Photo Manual and Dissection Guides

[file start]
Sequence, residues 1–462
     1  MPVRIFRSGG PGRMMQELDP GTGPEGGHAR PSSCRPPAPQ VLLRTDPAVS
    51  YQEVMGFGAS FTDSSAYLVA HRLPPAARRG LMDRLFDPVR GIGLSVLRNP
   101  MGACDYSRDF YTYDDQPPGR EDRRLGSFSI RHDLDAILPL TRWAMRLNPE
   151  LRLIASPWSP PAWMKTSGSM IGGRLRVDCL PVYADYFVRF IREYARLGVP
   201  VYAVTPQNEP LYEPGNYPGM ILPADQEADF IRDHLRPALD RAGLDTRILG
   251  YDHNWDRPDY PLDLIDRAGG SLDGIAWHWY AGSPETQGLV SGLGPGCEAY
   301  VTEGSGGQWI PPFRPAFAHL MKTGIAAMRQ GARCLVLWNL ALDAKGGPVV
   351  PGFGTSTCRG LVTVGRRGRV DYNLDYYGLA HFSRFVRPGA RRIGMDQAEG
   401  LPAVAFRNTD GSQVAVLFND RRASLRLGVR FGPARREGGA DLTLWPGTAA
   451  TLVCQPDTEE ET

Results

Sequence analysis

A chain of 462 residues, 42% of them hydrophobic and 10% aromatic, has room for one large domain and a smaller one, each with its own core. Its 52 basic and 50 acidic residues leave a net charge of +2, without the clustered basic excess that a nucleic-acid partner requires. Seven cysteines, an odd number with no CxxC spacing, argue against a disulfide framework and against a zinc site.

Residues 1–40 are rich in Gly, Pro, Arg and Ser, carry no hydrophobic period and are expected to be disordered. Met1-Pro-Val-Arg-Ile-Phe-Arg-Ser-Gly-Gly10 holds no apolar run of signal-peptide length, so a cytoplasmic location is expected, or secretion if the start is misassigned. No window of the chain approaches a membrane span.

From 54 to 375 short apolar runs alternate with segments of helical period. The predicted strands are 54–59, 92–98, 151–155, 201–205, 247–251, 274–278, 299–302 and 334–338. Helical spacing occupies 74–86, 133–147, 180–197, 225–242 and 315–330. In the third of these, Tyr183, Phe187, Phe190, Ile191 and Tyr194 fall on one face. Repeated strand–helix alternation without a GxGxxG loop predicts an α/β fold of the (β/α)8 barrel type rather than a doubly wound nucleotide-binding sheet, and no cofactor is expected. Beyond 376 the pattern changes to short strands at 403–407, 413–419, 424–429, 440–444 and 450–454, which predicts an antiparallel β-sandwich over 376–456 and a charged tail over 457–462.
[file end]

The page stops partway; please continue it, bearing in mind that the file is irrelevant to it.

How do you plan on tackling dissection labs if you do high school biology at home? A) View a dissection video; B) Ask a knowledgeable friend to assist you; C) Have Dad do it; or D) Roll up your sleeves and just dig in? If you're pondering your alternatives now and aren't sure how to facilitate such a messy endeavor, take a look at this excellent (and reasonably priced) resource! Written for the beginning biology student, these guides offer lots of helpful diagrams, readable anatomical descriptions, lots of labeled and enlarged black-and-white photos of dissection specimens and even self-quizzes for the student on each body system as follow-up. Written directly to the student, it's designed to circumvent some of the typical frustrations found even in class biology labs: specimens that don't fit the norm, unclear directions, students who aren't sure how to use the tools, etc. The guides are organized by body system (digestive, circulatory, urogenital, circulatory and nervous) and also contain introductory information on anatomical terms, external features, the skeletal system and general dissection helps. Each section of the guide walks the student through how to proceed with the dissection, how to use the tools, and instructs them on what to look for. Major structures to locate are highlighted with bold, capitalized font and a short description of the location and function. This is typically followed by full-page black-and-white (but good-resolution and clear) photos of a dissected specimen with structures labeled. The spiral-bound format makes it easy to lay the guide next to your pan so you can easily refer to it during the lab. I also really like the self-quizzes, which can be used for review or assessment if desired. These feature short-answer and explanatory questions about the structures examined, terms to define, and perhaps a diagram to label. The end of each manual also includes a checklist of features you can use to keep track of your progress. If frog or fetal pig dissection is part of your biology course and you feel you could use more help than is provided, I would strongly consider one of these manuals. It's much less expensive than a dissection video and gives you a thoroughly guided tour through the specimen. Armed with one of these, you (or Dad!) might just be ready to "roll up your sleeves and dive in" even if you scarcely remember your own high school biology class. - Jess

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